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Mastering the art of immediacy

29 July 2016

Nicholas Cranfield on Caravaggio’s disciples

Pinacoteca Vaticana, Vatican City © 2016. Photo Scala, Florence

“Intensity of expression”: Guercino’s Penitent Magdalen with Two Angels, 1622, one of the paintings discussed in After Caravaggio

“Intensity of expression”: Guercino’s Penitent Magdalen with Two Angels, 1622, one of the paintings discussed in After Caravaggio

After Caravaggio
Michael Fried
Yale £40
Church Times Bookshop £36


IN 2002, Professor Michael Fried gave the Andrew W. Mellon Lectures, later published as The Moment of Caravaggio (Princeton, 2010). He examined 30-or-so works by the Lombard-born Michelangelo Merisi, called Caravaggio (1571-1610), concentrating on his gallery pictures, in which he often included his own self-portrait, and emphasised the self-absorption of individual characters that have a life-size feel.

The present volume is effectively a collection of essays that take forward this artist’s acknowledged influence for a generation and survey the work of the so-called Caravaggeschi. A final coda suggests how the more box-like, classically staged paintings of Poussin came to determine later styles.

The first chapter highlights those artists who followed Caravaggio in depicting single figures at the forefront of the picture-plane so that they inhabit both our world and yet remain in the painted world of the canvas.

The Mantua-born Bartolomeo Manfredi (1582-1622) depicted bodiliness; we feel the real grit as King Midas washes off the gold from between his toes, and flinch as Apollo begins to carve off the flesh from the forearm of the luckless Marsyas.

Valentin de Boulogne (1591-1632) seemingly trained in Manfredi’s studio. His work and that of Jusepe de Ribera manifest a sort of excessive almost aggressive realism.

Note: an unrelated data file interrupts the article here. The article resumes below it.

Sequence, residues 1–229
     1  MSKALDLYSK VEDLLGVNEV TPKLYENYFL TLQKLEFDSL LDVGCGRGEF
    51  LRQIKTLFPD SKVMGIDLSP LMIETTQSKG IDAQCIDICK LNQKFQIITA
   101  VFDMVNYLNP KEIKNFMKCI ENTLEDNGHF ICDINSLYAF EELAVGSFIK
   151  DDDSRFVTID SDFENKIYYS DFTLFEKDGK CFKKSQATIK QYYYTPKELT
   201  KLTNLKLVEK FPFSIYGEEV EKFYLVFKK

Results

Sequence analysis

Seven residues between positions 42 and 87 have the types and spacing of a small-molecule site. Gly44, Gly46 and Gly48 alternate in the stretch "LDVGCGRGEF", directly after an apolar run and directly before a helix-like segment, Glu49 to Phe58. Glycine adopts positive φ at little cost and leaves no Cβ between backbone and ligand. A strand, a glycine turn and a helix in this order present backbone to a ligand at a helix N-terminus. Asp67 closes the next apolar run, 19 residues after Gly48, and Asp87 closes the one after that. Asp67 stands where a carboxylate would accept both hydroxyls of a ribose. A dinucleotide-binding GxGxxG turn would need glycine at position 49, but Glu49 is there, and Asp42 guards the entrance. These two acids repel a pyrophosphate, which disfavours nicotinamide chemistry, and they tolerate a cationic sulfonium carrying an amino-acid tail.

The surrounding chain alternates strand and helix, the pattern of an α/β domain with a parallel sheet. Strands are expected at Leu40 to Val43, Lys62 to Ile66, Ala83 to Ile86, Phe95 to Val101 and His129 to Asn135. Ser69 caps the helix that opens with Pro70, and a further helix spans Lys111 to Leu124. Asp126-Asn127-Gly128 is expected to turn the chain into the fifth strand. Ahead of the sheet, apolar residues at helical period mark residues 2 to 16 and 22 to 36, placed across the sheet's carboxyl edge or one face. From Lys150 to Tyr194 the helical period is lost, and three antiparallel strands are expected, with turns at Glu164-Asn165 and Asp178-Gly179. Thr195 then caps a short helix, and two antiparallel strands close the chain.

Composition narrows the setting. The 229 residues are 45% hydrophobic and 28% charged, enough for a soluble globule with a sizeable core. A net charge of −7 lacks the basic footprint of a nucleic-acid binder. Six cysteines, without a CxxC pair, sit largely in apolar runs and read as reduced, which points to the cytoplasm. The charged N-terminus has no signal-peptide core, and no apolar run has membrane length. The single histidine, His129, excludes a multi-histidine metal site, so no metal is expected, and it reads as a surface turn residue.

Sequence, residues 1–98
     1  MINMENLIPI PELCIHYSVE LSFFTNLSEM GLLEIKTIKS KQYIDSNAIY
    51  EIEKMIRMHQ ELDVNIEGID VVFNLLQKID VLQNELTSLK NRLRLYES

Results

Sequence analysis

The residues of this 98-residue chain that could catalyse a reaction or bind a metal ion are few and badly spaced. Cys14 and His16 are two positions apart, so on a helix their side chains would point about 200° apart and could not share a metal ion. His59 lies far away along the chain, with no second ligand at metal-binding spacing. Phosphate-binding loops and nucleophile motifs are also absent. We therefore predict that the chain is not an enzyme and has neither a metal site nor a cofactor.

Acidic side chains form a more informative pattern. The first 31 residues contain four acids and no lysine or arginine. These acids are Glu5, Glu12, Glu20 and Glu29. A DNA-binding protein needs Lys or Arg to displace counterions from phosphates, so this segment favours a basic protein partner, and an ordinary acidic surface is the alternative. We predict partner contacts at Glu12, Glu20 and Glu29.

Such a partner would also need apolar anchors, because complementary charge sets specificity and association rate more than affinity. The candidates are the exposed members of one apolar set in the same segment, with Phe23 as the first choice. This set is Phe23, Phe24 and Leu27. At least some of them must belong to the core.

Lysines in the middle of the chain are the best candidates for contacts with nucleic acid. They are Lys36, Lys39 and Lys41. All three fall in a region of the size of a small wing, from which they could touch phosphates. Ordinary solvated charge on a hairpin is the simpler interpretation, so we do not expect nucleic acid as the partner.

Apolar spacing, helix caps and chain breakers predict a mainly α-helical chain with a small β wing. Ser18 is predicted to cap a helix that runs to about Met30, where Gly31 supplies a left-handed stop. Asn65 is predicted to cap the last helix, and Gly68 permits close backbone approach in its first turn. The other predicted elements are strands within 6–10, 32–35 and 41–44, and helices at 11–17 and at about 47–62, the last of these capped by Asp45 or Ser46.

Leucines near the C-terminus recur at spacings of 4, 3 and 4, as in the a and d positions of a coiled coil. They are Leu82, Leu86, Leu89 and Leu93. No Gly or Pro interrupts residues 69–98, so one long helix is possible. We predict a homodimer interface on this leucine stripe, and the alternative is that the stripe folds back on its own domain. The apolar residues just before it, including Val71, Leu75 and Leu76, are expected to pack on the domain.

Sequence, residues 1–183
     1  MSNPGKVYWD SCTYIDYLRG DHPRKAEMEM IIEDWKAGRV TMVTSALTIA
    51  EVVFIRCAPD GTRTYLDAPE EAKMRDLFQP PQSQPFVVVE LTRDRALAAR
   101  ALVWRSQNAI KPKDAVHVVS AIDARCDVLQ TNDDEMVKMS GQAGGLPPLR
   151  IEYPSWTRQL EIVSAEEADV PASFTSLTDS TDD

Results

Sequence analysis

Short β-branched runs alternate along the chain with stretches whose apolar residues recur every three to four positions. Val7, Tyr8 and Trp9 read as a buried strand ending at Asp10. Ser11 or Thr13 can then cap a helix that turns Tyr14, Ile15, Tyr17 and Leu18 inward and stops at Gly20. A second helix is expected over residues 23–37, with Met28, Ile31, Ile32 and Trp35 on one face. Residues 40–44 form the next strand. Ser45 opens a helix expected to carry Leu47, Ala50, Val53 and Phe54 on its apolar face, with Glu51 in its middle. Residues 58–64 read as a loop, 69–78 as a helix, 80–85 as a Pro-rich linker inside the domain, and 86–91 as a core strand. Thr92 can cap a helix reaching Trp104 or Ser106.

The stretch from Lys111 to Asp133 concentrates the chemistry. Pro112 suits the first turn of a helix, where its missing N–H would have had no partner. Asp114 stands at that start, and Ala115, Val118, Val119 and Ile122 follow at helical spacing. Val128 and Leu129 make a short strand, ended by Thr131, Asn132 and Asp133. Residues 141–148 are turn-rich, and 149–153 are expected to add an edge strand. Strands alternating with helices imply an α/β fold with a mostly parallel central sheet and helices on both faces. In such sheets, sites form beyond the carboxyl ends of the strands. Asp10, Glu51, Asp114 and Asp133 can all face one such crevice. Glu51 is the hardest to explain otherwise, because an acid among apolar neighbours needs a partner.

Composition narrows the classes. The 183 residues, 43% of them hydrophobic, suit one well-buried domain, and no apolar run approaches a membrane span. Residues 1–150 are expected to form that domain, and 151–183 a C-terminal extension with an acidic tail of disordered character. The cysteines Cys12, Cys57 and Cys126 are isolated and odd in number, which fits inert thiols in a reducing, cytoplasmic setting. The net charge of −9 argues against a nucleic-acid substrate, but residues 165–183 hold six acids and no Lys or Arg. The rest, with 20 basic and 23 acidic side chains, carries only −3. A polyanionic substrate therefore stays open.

St Peter and St Paul confront one another in two paintings by Ribera (one in a private collection and one in Strasbourg; a previously unrecorded copy of the latter passed through Sotheby’s, London, in July). These illuminate the likely tension between the apostles in a violently tense contemporary way. Simon Vouet, Nicolas Régnier, and Nicolas Tournier are the other French artists considered.

A shorter version of the second chapter appeared in the catalogue for an exhibition in Ottawa and Fort Worth, in 2010, which draws our attention to the representation of the feel and touch of cloth and flesh and to the artists’ depictions of hands.

The book’s greatest service is in concentrating on Cecco del Caravaggio (recorded between 1613 and 1620) and Giovanni Francesco Barbieri (1591-1666), called Guercino, as he was squint-eyed, at the height of his power.

Cecco may have been Caravaggio’s studio assistant, and the third chapter is an extended consideration of his extraordinarily vertical depiction of his painting The Resurrection, of 1619-20 (Chicago), which measures 339 x 199.5cm and reflects a working knowledge of Caravaggio’s Seven Acts of Mercy, painted and still kept in Naples.

The final chapter looks at Guercino’s output in the two-year period that Fried calls his anni mirabiles. Guercino is not routinely thought of as a Caravaggesque painter; for instance, he is not given any coverage in Skira’s two-volume 2010 publication I Caravavaggeschi (edited by A. Zuccari), although his works appear throughout.

In his new publisher, Fried has found an indulgent editor, and almost every painting he discusses is illustrated. The demerit is that Fried is tolerated for parenthetical writing (if it is that — and with such a good scholar it is difficult to tell as the argument [might it?] is rarely circular — rather than an excuse [when none, surely, is needed; or is it?] for padding) which is (you get the idea) plainly irritating.


The Revd Dr Cranfield is Vicar of All Saints’, Blackheath, south London.

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